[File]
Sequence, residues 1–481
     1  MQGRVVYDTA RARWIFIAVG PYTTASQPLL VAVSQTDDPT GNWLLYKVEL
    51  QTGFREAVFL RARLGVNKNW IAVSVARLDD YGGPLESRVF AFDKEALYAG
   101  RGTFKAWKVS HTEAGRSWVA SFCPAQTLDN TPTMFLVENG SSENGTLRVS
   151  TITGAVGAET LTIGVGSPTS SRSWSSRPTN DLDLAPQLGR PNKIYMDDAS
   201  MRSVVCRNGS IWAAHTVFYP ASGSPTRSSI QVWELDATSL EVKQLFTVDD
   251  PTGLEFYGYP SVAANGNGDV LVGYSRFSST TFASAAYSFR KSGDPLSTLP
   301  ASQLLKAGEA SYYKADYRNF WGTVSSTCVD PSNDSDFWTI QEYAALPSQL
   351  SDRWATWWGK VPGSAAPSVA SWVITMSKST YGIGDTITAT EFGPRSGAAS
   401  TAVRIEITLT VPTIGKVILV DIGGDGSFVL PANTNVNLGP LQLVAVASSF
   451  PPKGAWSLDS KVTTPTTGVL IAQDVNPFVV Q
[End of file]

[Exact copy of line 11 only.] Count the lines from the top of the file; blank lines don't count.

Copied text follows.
   451  PPKGAWSLDS KVTTPTTGVL IAQDVNPFVV Q